OBJECTIVE: To determine within the first 10 weeks post onset the most robust variables in the prediction of recovery of independent gait at six months post stroke.
DESIGN: A prospective cohort study.
SUBJECTS: One hundred and one first ever ischaemic middle cerebral artery stroke patients. None of these patients were able to walk at onset and all suffered from a marked hemiplegia.
SETTING: Twenty-four determinants, possibly related to recovery of gait at six months, were measured within 14 days following stroke onset. Based on Functional Ambulation Categories (FAC) independent gait was classified into present (FAC > or = 4) or absent (FAC < 4). Bivariate logistic regression analysis was used to select determinants. Only significant determinants during the entire 10-week period were used for further weekly multivariate logistic prediction modelling of independent gait at six months post stroke.
RESULTS: After six months post onset 62% (N = 63) regained independent gait. Age, Barthel Index, Trunk Control Test, Motricity Index of arm and leg, Brunnstrom Fugl-Meyer stage of leg motor recovery, and type of intervention were significant determinants in bivariate analysis, but age of patient and Barthel Index were the most robust determinants in the final prediction model. Weekly re-evaluation produced sensitivity values between 89% and 96% and specificity values between 53% and 62%.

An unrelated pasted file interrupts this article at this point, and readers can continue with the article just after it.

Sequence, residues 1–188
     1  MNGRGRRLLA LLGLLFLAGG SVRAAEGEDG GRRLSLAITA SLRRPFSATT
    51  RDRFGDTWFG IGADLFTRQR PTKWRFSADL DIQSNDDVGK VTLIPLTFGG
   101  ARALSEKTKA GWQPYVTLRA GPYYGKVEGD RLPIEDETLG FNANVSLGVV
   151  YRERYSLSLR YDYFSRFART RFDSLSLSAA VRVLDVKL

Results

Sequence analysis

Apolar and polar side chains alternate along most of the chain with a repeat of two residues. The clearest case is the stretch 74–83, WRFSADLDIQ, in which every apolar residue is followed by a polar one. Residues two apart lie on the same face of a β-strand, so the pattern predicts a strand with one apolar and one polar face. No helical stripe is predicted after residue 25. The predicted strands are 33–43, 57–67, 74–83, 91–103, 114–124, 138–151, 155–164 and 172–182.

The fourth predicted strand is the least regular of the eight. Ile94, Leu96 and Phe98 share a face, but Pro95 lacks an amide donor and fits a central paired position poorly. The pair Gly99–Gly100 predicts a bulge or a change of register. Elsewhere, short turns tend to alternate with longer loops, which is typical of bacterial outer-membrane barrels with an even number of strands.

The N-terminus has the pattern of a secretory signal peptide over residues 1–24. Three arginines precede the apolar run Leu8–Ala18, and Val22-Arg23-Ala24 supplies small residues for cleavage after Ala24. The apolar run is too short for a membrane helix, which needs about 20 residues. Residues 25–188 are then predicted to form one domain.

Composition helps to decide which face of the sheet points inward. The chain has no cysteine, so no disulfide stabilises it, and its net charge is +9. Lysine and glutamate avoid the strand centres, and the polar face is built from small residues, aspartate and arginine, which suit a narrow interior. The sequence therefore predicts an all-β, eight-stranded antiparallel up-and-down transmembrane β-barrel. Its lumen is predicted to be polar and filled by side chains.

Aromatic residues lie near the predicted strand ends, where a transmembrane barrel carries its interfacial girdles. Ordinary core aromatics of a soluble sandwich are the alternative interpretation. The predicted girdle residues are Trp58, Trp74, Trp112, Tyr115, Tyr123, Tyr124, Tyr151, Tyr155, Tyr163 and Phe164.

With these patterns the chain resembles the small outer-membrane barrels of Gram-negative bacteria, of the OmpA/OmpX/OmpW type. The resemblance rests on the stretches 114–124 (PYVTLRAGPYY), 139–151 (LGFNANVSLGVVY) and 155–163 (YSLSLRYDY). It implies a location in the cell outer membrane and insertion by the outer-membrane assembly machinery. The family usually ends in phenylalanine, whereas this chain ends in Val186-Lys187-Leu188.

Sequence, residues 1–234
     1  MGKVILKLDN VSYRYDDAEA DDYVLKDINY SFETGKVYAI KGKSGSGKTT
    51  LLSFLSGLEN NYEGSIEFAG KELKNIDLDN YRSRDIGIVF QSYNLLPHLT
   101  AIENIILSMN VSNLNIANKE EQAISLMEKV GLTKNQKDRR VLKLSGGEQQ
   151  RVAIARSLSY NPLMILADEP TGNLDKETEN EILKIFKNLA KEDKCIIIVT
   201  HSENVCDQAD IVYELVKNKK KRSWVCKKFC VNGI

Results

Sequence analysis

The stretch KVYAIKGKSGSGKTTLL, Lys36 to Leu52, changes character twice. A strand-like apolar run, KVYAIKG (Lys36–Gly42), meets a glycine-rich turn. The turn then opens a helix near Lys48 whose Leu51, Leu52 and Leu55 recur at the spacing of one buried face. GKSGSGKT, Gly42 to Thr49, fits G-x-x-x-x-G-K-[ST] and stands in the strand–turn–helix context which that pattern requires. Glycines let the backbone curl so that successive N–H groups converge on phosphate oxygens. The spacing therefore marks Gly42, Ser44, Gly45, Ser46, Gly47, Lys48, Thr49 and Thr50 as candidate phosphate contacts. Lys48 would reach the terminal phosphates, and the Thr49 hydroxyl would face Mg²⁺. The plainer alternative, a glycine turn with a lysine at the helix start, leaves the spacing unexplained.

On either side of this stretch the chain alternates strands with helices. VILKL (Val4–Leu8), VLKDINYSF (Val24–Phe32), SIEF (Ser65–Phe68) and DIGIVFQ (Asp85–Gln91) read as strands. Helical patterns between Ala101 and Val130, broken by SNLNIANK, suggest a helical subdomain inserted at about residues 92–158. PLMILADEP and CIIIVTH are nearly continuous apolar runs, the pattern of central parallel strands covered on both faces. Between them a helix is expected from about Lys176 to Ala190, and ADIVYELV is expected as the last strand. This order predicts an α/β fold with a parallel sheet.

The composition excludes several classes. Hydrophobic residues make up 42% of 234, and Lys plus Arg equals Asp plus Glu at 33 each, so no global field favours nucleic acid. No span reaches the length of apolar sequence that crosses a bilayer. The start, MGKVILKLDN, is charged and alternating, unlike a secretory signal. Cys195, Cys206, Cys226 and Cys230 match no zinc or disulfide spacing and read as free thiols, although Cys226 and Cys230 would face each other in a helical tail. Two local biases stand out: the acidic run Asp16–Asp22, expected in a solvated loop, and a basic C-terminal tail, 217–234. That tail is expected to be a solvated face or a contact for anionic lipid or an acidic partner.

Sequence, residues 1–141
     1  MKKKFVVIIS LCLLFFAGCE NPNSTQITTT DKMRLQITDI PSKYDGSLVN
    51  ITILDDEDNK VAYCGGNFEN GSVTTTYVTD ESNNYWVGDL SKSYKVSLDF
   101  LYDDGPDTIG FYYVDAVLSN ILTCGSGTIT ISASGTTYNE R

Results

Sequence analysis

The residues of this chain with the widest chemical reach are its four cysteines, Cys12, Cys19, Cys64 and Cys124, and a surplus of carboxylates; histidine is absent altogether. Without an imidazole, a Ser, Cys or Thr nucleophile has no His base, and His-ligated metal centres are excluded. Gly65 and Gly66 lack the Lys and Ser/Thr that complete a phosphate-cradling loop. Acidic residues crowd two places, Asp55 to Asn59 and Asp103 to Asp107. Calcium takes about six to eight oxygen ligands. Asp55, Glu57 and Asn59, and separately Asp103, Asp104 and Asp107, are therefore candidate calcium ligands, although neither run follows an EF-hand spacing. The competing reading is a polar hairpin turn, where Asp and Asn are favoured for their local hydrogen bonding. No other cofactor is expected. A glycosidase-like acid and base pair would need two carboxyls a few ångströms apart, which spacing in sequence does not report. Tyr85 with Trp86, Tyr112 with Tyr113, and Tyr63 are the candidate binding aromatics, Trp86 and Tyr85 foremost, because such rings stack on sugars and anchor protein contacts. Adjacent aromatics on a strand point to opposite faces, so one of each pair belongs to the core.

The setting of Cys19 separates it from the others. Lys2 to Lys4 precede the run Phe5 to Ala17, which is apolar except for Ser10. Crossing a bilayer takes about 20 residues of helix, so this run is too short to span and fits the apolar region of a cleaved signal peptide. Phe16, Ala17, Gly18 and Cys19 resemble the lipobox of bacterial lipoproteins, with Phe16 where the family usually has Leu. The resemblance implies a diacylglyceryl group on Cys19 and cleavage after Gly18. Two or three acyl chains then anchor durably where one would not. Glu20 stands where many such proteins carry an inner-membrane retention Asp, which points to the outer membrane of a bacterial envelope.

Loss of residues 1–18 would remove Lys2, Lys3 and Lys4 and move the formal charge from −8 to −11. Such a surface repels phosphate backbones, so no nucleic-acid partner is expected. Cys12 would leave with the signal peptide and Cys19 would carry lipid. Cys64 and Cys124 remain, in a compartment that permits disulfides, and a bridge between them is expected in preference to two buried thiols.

CONCLUSION: In initially non-ambulatory stroke patients age and Barthel Index were the most robust variables during the first 10-week poststroke period in the prediction of independent walking at six months. However, prediction of non-ambulation at six months proved to be less accurate.